Social Media Is More Than Just A Tool to Boost Egos

When you begin to grasp how powerful social media can be, you become irreversibly hooked.

I’m not talking about personal accounts where users post every iota of their mundane lives, hoping to fetch a few likes and thus validate their existences. Yes, Instagram can be an interesting platform to build your ego, and these days, many measure their self-worth by the number of followers they’ve amassed.

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The focus of this piece, however, is on large corporate accounts, those that represent the face of a company or institution. Previously, when you wanted to communicate with a brand, you had to either send them postal mail or, thanks to the major advances of the digital world over the past decade and half, electronic mail.

Either way, your letter went to a black hole, and there was little guarantee you’d receive a reply. Assuming you miraculously did but the response came up short, the back and forth could drag on for months, and the mere thought of it may have prevented you from initiating any type of correspondence to begin with.

Today, a shout-out to your favorite brand is as simple and painless as logging onto Twitter and composing a brief message. Tweets are not private and post to your wall for the entire Twitterdom to see, though only your followers get wind of them via their feeds. Ultimately, you can rest assured that someone on the other end will certainly receive the message, and because Twitter or Instagram are subject to the eye of public scrutiny, that someone is obliged to respond.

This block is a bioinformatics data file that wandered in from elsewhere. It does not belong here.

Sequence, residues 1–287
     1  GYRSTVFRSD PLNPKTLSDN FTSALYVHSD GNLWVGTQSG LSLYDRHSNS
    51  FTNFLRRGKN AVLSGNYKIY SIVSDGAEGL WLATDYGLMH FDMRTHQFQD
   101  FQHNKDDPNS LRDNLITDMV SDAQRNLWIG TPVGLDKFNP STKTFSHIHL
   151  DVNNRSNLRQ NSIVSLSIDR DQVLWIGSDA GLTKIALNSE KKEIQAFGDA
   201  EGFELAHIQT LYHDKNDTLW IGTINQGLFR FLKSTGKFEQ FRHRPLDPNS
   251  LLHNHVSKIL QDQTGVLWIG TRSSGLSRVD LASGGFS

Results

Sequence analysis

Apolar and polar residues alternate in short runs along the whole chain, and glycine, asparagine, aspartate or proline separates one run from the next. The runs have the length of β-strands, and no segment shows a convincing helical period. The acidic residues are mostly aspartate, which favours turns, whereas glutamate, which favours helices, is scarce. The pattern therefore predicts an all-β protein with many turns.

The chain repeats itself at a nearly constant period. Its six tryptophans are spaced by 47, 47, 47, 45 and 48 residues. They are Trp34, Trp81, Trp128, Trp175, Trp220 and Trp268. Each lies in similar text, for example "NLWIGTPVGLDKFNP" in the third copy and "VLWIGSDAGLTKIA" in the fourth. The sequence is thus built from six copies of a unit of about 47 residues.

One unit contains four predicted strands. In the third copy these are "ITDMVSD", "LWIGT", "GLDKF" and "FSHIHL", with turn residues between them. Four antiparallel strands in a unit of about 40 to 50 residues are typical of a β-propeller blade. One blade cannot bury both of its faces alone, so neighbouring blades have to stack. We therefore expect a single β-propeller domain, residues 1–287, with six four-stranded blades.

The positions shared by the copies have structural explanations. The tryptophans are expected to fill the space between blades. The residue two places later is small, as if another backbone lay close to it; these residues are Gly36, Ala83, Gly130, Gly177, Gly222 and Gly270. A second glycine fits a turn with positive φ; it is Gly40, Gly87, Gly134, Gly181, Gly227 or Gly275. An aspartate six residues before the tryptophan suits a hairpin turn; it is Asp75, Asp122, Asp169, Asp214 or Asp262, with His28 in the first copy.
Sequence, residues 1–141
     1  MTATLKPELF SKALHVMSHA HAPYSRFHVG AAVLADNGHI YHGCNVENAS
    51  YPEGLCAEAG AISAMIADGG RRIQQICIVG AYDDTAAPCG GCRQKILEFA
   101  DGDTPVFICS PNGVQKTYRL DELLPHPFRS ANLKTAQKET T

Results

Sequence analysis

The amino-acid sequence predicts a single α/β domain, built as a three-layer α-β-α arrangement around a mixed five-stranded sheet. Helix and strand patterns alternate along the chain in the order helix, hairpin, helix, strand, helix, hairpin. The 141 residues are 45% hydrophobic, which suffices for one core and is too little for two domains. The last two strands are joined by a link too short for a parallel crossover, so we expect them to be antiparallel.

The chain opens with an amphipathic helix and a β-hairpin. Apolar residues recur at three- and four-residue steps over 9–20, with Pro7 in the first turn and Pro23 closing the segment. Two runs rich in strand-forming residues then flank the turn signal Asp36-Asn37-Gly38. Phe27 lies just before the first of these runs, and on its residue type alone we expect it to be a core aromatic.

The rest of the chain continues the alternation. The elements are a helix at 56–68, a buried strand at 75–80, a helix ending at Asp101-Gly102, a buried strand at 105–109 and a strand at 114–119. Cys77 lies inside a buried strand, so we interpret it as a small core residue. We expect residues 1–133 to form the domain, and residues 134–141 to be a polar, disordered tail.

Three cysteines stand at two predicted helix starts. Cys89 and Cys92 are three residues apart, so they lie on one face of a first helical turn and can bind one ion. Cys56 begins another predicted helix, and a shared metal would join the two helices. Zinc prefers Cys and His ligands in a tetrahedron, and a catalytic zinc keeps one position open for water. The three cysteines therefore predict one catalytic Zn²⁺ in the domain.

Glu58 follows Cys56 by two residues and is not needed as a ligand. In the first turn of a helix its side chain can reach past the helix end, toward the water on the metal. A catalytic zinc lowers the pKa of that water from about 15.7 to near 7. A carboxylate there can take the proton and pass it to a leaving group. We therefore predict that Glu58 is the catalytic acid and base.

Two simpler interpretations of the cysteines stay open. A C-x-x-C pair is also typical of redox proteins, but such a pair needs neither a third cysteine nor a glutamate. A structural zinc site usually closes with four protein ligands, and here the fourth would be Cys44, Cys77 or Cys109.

Let me give you a small example. Two days ago, I bought and immensely enjoyed a pint of ice cream crafted by Dove Chocolate. Utterly smitten with the three layers of chocolate it boasted, I felt compelled to congratulate Dove on their delicious creation.

I launched Twitter on my smartphone, searched for @Dove_Chocolate, and after tweeting my message and officially following their handle, I got suggestions to follow other similar accounts, including @Yoplait. As an avid consumer of Yoplait yogurts, I clicked on their handle to be rerouted to their account, and my eyes fell on this latest tweet:

Curious as to what they could possibly mean by this statement, I clicked on the Tweet to uncover the entire thread between @Tink801 and @Yoplait:

Pretty blunt customer, right? Well, justifiably she’s concerned that a yogurt product marked 'Strawberry' doesn’t feature the namesake fruit in its list of ingredients. In a display of bravado, she stuck it to Yoplait.

No doubt the social media officer moderating the account grew nervous at such a probe and responded in the most politically correct manner as possible, lumping the real fruit strawberry into the vague moniker “natural flavor” F&B companies throw around all the time.

@Tink801 didn’t stop there, inquiring why Yoplait didn’t simply list “strawberry” if it were indeed an element in the dairy concoction. By this point, the social media rep needed an escape, so she promised to pass off the customer’s concern to the “team” to rectify. 

If it were as easy as noting strawberry in the ingredients list, Yoplait would have surely done it in the first place to avoid any misinterpretation. But in all likelihood strawberry does not figure into the yogurt's composition, and hence it was left off the roster. God knows what “natural flavors” actually entail, and Yoplait would indisputably emerge unscathed if ever pursued in court. Ah, the beauty of ambiguity.

Back to my point about corporate responsibility. Twitter, Facebook, Instagram and any other social media platform together comprise the new agora of the 21st century. They provide public forums wherein companies can engage customers and customers can engage companies. Brands are inclined to own up to their activities when pressed about them, otherwise they risk their reputation and credibility, and not merely to one customer but their entire following plus some.

Before it was unreliable word of mouth and wishy-washy hearsay that dominated the customer-corporate world. Today you get it directly from the horse’s mouth, and it’s instantly conveyed to the world.

Customer has indeed become king. 


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